Abstract

Cited by 35 (3 self)
 Add to MetaCart
(Show Context)
This paper studies global ranking problem by learning to rank methods. Conventional learning to rank methods are usually designed for ‘local ranking’, in the sense that the ranking model is defined on a single object, for example, a document in information retrieval. For many applications, this is a very loose approximation. Relations always exist between objects and it is better to define the ranking model as a function on all the objects to be ranked (i.e., the relations are also included). This paper refers to the problem as global ranking and proposes employing a Continuous Conditional Random Fields (CRF) for conducting the learning task. The Continuous CRF model is defined as a conditional probability distribution over ranking scores of objects conditioned on the objects. It can naturally represent the content information of objects as well as the relation information between objects, necessary for global ranking. Taking two specific information retrieval tasks as examples, the paper shows how the Continuous CRF method can perform global ranking better than baselines. 1
Improving maximum margin matrix factorization
, 2008
"... Collaborative filtering is a popular method for personalizing product recommendations. Maximum Margin Matrix Factorization (MMMF) has been proposed as one successful learning approach to this task and has been recently extended to structured ranking losses. In this paper we discuss a number of exte ..."
Abstract

Cited by 29 (3 self)
 Add to MetaCart
Collaborative filtering is a popular method for personalizing product recommendations. Maximum Margin Matrix Factorization (MMMF) has been proposed as one successful learning approach to this task and has been recently extended to structured ranking losses. In this paper we discuss a number of extensions to MMMF by introducing offset terms, item dependent regularization and a graph kernel on the recommender graph. We show equivalence between graph kernels and the recent MMMF extensions by Mnih and Salakhutdinov (Advances in Neural Information Processing Systems 20, 2008). Experimental evaluation of the introduced extensions show improved performance over the original MMMF formulation.
XuDong Zhang,
"... This paper studies global ranking problem by learning to rank methods. Conventional learning to rank methods are usually designed for ‘local ranking’, in the sense that the ranking model is defined on a single object, for example, a document in information retrieval. For many applications, this is a ..."
Abstract

Cited by 28 (2 self)
 Add to MetaCart
(Show Context)
This paper studies global ranking problem by learning to rank methods. Conventional learning to rank methods are usually designed for ‘local ranking’, in the sense that the ranking model is defined on a single object, for example, a document in information retrieval. For many applications, this is a very loose approximation. Relations always exist between objects and it is better to define the ranking model as a function on all the objects to be ranked (i.e., the relations are also included). This paper refers to the problem as global ranking and proposes employing a Continuous Conditional Random Fields (CRF) for conducting the learning task. The Continuous CRF model is defined as a conditional probability distribution over ranking scores of objects conditioned on the objects. It can naturally represent the content information of objects as well as the relation information between objects, necessary for global ranking. Taking two specific information retrieval tasks as examples, the paper shows how the Continuous CRF method can perform global ranking better than baselines. 1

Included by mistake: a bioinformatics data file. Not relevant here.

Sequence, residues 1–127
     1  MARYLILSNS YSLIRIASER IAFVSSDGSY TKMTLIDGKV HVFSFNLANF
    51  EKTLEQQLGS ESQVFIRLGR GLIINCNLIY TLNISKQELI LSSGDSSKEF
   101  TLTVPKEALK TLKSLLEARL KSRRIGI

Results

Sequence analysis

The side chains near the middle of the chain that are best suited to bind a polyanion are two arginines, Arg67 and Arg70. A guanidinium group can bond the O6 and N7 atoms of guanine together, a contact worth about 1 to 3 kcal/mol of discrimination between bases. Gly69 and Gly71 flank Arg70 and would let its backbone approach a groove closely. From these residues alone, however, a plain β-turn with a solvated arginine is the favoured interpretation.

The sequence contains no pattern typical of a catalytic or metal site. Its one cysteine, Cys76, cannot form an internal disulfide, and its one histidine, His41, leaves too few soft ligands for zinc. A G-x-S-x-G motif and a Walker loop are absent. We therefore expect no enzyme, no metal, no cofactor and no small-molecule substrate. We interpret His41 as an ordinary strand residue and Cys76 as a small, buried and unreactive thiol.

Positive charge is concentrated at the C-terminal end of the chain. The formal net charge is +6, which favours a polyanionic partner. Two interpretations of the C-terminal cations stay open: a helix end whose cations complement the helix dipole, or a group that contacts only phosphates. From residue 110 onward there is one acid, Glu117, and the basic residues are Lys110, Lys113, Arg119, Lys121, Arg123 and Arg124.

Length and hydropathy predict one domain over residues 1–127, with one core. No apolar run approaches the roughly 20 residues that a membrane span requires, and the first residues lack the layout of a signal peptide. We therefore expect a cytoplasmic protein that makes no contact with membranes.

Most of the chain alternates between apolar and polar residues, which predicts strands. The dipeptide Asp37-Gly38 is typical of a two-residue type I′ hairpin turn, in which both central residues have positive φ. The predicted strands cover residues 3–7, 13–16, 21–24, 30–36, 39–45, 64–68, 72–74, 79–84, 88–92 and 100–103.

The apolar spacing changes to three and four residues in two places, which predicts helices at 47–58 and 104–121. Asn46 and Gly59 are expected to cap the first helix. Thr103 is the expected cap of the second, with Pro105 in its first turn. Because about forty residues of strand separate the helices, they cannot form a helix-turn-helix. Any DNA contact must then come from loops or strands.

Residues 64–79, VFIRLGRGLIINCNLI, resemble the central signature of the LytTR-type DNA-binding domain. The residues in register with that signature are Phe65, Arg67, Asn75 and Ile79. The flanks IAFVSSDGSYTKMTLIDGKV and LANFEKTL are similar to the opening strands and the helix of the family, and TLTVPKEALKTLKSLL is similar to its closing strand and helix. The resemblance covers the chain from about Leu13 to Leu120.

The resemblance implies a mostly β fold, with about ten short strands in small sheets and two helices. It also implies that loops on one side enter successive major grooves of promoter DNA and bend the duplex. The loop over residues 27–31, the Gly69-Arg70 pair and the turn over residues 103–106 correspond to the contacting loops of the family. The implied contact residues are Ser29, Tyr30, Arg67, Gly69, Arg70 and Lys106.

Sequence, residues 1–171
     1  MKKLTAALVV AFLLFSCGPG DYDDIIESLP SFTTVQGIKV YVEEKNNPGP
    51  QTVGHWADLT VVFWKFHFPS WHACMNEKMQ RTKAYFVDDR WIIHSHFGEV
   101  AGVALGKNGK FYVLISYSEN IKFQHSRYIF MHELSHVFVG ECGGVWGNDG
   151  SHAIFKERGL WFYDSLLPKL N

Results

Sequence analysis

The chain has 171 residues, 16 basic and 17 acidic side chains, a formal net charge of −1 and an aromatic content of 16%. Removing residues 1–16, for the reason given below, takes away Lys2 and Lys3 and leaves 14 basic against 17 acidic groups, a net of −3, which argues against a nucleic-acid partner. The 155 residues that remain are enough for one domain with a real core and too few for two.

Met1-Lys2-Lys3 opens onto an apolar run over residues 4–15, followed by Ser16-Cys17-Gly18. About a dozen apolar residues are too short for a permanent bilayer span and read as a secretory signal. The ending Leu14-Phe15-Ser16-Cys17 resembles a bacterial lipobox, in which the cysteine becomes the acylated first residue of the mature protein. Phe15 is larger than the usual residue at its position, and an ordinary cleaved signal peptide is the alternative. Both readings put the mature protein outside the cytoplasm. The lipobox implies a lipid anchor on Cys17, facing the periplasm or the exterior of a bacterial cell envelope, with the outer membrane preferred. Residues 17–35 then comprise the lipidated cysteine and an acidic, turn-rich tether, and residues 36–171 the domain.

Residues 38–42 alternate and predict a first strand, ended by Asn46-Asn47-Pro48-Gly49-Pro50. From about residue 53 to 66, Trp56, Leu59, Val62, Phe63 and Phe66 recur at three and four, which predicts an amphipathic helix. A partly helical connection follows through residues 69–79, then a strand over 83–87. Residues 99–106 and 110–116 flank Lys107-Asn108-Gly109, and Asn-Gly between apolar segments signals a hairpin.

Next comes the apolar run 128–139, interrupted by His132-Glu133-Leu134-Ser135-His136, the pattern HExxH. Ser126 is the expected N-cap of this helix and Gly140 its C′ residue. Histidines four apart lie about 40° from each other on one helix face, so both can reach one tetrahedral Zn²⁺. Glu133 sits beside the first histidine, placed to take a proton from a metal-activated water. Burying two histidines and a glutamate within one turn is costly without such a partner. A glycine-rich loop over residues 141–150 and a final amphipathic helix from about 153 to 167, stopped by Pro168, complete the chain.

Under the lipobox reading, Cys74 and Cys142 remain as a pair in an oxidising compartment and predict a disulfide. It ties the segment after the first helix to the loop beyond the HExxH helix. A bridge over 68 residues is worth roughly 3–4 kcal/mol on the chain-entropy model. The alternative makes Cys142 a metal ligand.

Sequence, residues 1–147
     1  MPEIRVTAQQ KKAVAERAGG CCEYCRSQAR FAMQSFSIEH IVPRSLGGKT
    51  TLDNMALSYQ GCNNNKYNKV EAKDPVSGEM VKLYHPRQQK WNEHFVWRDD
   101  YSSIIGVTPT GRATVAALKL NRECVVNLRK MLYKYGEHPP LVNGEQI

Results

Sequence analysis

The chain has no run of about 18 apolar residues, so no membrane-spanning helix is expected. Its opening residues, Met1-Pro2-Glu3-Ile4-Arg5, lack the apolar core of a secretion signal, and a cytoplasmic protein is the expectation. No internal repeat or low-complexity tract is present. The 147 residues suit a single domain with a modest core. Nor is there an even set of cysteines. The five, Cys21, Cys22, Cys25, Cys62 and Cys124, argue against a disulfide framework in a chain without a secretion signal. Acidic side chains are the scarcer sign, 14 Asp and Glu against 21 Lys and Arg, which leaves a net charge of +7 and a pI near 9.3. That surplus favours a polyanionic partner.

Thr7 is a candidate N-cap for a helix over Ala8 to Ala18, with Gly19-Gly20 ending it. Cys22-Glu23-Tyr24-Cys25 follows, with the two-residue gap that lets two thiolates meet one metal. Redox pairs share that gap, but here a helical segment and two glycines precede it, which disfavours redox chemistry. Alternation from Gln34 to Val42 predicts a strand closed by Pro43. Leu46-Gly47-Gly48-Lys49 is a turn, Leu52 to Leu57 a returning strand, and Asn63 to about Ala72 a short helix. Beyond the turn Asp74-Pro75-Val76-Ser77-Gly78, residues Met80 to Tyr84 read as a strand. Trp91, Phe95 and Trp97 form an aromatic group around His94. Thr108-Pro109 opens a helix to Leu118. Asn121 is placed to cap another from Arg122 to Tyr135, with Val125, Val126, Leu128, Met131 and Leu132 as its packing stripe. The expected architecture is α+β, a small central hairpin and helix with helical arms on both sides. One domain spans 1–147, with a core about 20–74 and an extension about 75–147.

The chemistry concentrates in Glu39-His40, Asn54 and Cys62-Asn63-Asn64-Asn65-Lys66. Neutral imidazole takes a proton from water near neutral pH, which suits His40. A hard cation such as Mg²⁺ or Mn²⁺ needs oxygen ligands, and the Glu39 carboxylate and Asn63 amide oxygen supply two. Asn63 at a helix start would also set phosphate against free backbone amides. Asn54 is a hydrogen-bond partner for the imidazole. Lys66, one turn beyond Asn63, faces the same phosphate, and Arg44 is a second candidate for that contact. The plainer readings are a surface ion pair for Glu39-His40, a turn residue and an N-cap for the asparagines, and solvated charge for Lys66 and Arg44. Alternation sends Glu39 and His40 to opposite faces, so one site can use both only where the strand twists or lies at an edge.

A machine learning approach to conjoint analysis
 Neural Information Processing Systems 17
, 2005
"... Choicebased conjoint analysis builds models of consumer preferences over products with answers gathered in questionnaires. Our main goal is to bring tools from the machine learning community to solve this problem more efficiently. Thus, we propose two algorithms to quickly and accurately estimate c ..."
Abstract

Cited by 25 (1 self)
 Add to MetaCart
(Show Context)
Choicebased conjoint analysis builds models of consumer preferences over products with answers gathered in questionnaires. Our main goal is to bring tools from the machine learning community to solve this problem more efficiently. Thus, we propose two algorithms to quickly and accurately estimate consumer preferences. 1